Gut health, what does it mean and what are the benefits of its improvement in animal production?
A healthy gut is synonymous of a functional gut, a gut that can perform its functions as expected in animal production constitutes good animal health. The functions of a gut encompasses a number of physiological and functional features, including nutrient digestion and absorption, host metabolism and energy generation, a stable microbiome, mucus layer development, barrier function, and mucosal immune responses.
Improvement of the gut health can be achieved by the use of additives in animal feed, so it is important to highlight that Saccharomyces cerevisiae yeast derivative products such as autolysed yeast, products rich in mannan oligosaccharides (MOS) and dietary nucleotides play an important role in gut functionality and health, through enhanced nutrient digestibility, improved villi development, improved gut barrier function and local defences. Considering all these options, a complete feed programme for the different production phases can be defined by adding yeast derivative products to enrich animal nutrition, improve gut health and reduce the use of antibiotics.
HyperGen (Biorigin) is a second generation MOS that was developed to supply highly soluble mannans, which allows the partial exposition of β-glucans, resulting in a potent prebiotic effect and a local immune-modulating action. In order to understand the benefits of HyperGen, you need to understand MOS mode of actions. It is known that the digestive tract in an animal needs to have well-balanced microflora for normal functioning, and MOS can contribute to reducing the load of pathogenic bacteria and enhancing the growth of beneficial bacteria. The adhesion of bacteria with harmful effects for animals is carried out by type-1 fimbriae (Ex.: Salmonella and E. coli), which contains mannose-specific lectins, and it has a high affinity on intestinal mucosa. MOS works by binding with type-1 fimbriae, so bacteria move through the intestine without colonising. Researchers also observed an increase in the synthesis of goblet cells, that are present in the villi membrane of the intestine and are responsible for secreting mucins, which competitively bind to the bacteria and support the clearance of pathogens from the intestine. MOS was also related to long villi and shallow crypts in the intestine, so a larger surface area helped with the absorption of nutrients and improved animal performance.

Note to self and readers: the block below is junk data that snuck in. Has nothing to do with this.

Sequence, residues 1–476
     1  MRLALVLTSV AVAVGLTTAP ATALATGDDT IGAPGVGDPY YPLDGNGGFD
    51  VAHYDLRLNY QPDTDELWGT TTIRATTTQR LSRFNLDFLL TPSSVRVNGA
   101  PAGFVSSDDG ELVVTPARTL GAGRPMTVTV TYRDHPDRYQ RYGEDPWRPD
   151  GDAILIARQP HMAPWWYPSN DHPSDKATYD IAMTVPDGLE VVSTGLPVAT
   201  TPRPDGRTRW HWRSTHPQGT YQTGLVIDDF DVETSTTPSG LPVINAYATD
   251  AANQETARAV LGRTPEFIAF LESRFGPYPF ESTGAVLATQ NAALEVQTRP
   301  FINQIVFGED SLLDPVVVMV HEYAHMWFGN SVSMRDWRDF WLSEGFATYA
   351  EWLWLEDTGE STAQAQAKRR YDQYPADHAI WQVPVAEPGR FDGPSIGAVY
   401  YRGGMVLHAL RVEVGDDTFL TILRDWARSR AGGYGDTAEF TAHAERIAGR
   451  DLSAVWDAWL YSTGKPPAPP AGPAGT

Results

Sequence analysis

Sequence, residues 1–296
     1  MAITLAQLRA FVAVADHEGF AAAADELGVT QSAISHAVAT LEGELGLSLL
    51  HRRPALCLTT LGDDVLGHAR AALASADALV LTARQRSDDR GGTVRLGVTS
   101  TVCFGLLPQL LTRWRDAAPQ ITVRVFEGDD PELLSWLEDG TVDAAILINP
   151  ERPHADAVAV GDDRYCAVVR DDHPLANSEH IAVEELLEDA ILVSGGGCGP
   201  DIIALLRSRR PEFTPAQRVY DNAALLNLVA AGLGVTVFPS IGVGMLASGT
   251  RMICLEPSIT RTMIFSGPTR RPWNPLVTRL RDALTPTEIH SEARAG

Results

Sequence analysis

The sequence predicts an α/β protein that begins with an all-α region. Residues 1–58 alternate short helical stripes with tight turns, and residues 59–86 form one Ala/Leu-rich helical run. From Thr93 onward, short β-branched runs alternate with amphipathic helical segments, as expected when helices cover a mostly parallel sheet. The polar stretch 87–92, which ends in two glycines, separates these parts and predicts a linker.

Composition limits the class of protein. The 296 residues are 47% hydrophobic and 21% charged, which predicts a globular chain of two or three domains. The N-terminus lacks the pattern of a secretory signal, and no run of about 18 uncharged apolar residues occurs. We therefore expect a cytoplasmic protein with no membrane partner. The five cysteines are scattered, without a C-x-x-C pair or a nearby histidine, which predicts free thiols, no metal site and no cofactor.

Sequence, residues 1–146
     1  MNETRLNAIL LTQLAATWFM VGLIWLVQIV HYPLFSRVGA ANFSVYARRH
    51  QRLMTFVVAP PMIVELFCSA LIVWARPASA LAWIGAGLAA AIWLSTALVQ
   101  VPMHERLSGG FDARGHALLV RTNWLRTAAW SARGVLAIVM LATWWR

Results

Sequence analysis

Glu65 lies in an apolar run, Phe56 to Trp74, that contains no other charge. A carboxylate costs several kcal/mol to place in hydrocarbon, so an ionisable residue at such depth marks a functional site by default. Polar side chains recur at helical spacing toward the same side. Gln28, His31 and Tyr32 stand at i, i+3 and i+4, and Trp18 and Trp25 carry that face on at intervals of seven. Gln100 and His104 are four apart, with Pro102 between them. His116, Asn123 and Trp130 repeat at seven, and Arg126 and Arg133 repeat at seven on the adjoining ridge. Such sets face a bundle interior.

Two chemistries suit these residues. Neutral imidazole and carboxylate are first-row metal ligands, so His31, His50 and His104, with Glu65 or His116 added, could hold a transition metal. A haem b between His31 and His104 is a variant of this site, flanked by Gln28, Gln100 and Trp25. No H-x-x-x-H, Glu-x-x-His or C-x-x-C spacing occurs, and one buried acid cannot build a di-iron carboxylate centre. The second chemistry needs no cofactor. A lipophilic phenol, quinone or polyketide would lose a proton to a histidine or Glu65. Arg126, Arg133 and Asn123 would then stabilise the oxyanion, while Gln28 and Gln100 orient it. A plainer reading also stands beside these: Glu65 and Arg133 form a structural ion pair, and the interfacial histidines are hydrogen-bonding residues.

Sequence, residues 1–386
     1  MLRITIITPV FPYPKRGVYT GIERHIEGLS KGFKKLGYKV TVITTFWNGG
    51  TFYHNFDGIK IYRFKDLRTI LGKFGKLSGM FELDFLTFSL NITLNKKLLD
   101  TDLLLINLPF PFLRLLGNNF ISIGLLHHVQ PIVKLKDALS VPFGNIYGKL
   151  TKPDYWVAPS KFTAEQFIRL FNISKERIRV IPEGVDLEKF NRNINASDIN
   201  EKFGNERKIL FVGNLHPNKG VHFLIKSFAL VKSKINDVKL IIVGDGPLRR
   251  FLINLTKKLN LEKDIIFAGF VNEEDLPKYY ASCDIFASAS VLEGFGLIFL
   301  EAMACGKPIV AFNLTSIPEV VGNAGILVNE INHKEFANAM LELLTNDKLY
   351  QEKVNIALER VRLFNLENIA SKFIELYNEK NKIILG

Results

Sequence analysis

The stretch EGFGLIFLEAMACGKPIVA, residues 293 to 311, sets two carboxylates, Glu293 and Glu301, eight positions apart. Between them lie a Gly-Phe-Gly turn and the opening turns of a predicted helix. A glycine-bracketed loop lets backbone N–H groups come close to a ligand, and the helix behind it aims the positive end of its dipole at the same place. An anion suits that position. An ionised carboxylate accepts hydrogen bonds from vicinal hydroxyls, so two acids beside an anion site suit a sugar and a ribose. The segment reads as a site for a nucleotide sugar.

Another MOS effect is the improvement of cellular, humoral and mucosal immunities. In the intestine are present a variety of macrophages as components of gut-associated lymphoid tissue (GALT), that recognise pathogens by a unique type of molecules that are only on microbes, called ‘pathogens associated molecular patterns (PAMP), present in MOS and others yeast cell wall components. Consequently, MOS bind with the PAMP receptors present on defence cells of GALT and then triggers the immune system.
A study was carried out to investigate the impact that HyperGen had on gut health and performance in weaned piglets challenged with E. coli K88 and supplemented with 0.1% of HyperGen for 11 days (Table 1). Piglets challenged and supplemented with the second generation MOS had a greater final body weight and ADG than challenged and non-supplemented animals. The supplementation improved the FCR of piglets and enhanced the number of proliferating cells in the lymphoid tissues of the ileum and mesenteric lymph node, and it was also observed longer intestinal villi.
In conclusion, the supplementation of the soluble prebiotic improved weaned piglets’ performance, especially those under challenged conditions. It was proven that the potent prebiotic effect of HyperGen had a positive impact on gut health which encouraged natural intestinal defences and performance.
Eliana Dantas, Biorigin Global Technical Manager, Monogastric